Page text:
Yet in the pit of my stomach I cringed every time the conversation turned to religion. I sat many times as an outsider listening to the banter around me and wondering if anyone even cared how I was bringing up my kids or cared to learn about me. I hung my head when another mom repeatedly called her kids sinners and told them they were going to hell if their behavior didn’t improve.

Several weeks later, the weather was gorgeous and we decided to stay after class and play on the playground, and unbeknownst to me, my daughter had her tarot cards with her. She sat at the top of the climbing tower with another classmate and worked on the cards. Suddenly, the other little girl shouted out, “Those cards are evil and I can’t play with you. “

Without missing a beat, my daughter said, “They are not evil, they’re just cards, that’s like saying a table is evil or my socks are evil.” The playground went hauntingly silent as small gasps of breath could be heard from the mom next to me. I sucked harder on my ice coffee-do I intervene? What do I say?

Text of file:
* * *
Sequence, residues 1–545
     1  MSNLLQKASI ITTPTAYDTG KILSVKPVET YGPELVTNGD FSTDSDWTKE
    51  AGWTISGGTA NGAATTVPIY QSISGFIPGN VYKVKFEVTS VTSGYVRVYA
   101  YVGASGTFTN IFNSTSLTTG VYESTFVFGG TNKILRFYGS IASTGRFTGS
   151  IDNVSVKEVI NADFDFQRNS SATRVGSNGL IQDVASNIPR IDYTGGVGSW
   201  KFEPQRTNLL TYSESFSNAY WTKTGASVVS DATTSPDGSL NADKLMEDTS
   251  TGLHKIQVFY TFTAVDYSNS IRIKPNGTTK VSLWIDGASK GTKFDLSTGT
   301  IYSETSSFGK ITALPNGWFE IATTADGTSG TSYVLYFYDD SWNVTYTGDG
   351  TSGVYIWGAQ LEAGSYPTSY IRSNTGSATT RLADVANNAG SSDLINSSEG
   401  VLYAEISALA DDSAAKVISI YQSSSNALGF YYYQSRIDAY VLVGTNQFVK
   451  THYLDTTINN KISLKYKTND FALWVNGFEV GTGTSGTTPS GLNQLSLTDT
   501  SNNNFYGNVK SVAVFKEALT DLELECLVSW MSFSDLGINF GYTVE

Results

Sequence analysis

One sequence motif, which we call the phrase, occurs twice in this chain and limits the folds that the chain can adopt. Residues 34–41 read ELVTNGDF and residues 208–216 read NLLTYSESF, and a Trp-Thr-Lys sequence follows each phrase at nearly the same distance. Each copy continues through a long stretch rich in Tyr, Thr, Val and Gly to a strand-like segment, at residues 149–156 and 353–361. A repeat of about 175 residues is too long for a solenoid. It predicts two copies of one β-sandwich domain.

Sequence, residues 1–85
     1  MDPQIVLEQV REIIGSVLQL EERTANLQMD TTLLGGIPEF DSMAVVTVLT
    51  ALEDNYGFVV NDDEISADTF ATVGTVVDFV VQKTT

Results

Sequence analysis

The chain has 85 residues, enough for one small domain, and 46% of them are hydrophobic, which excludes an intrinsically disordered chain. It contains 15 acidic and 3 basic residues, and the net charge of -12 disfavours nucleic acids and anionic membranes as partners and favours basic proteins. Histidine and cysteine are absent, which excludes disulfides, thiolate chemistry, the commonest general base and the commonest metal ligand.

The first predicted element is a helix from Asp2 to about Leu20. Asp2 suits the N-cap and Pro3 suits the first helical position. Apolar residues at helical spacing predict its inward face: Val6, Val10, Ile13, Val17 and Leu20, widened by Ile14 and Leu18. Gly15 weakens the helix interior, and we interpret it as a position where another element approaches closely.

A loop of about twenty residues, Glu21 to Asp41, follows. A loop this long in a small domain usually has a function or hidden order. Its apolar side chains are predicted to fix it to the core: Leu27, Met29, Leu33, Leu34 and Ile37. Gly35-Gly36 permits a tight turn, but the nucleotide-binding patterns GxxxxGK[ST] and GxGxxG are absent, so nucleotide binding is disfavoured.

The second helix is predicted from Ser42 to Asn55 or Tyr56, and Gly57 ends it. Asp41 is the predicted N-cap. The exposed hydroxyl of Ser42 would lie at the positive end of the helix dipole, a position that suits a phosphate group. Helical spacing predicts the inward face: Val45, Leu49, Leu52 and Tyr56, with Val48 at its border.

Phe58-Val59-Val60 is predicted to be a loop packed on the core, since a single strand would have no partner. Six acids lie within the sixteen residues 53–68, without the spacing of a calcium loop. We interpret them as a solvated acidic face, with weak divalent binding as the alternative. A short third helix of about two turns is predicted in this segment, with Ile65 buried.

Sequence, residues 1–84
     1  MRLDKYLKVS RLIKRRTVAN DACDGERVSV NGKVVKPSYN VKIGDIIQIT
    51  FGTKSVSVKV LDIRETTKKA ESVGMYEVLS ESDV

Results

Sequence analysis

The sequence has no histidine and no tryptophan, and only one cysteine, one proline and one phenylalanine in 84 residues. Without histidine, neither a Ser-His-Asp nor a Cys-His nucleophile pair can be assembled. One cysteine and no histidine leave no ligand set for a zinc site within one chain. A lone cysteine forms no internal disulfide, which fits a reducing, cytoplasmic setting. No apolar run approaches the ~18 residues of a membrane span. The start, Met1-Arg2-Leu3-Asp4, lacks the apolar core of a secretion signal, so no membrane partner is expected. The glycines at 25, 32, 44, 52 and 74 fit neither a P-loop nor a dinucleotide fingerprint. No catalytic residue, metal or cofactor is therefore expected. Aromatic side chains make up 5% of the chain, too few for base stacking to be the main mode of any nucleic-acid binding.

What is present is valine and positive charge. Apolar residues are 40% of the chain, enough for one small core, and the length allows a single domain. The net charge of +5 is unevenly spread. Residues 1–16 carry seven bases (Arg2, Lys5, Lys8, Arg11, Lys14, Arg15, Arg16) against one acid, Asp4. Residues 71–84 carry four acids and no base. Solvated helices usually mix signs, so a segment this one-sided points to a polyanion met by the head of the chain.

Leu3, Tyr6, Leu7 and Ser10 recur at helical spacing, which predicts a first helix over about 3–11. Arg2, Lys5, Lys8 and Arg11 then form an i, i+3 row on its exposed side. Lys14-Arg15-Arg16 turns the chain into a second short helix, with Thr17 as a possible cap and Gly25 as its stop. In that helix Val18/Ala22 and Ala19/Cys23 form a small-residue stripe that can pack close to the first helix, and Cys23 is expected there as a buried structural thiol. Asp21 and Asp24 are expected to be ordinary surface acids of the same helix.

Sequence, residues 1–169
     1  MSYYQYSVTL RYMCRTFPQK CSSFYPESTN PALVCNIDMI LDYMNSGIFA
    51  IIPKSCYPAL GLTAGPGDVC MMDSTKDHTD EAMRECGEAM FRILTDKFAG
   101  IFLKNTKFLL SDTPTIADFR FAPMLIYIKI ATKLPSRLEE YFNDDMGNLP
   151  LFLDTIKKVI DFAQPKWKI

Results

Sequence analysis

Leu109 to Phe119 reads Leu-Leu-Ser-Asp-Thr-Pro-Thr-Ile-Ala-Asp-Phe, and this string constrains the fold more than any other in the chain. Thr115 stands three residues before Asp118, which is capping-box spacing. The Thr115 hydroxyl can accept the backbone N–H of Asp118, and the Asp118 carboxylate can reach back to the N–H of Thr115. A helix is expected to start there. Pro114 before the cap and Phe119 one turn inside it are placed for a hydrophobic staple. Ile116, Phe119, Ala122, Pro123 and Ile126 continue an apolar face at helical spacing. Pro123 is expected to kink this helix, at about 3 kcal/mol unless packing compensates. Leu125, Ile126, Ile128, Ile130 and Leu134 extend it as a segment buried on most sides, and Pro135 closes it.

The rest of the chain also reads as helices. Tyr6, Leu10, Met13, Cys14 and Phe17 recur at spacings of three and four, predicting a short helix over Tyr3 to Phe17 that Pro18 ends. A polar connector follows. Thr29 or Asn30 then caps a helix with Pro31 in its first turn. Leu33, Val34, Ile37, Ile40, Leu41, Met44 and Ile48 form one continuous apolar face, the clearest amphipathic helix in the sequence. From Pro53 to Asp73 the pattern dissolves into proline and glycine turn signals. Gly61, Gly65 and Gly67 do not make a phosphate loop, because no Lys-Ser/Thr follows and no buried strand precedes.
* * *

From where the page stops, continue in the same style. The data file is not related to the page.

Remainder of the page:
My eloquent nine year old glanced around the playground and then looked at her playmate. “C’mon,” she said, “Let’s go find something else to do.”

My daughter, in one breath, managed to accomplish what I had been trying to do for months. She found a common ground. She chose not to engage in conversation that she knew wasn’t going to change anyone’s mind. She found the community more important than the task at hand.

As the weeks passed I learned more about these women as our time at the playground grew longer and our days stretched lazily into summer. It is still difficult for me to understand how they can not question their own faith as I’m sure it is for them, to understand my faith.

I learned many things from these women. Yes, they live for Jesus. They have an incredibly strong faith, love their families and devote much time and energy to their own churches, homeschooling, social justice causes and community outreach. Much like UU’s and my own church. I learned that they should not be any less passionate about their own faith as I am about mine. It doesn't mean I have to agree with everything that they do, it means that our differences are ok, but I can also disagree with them if my own values don’t line up with theirs.

Get togethers are still sometimes awkward. We bow our heads when we visit them and thank Jesus for the food on their table as they say grace. It doesn’t mean I believe what they do it means I am respectful of their faith. When we bow our heads, that is our time for meditation and thanking the universe for a good life and friends and the chance to share a meal.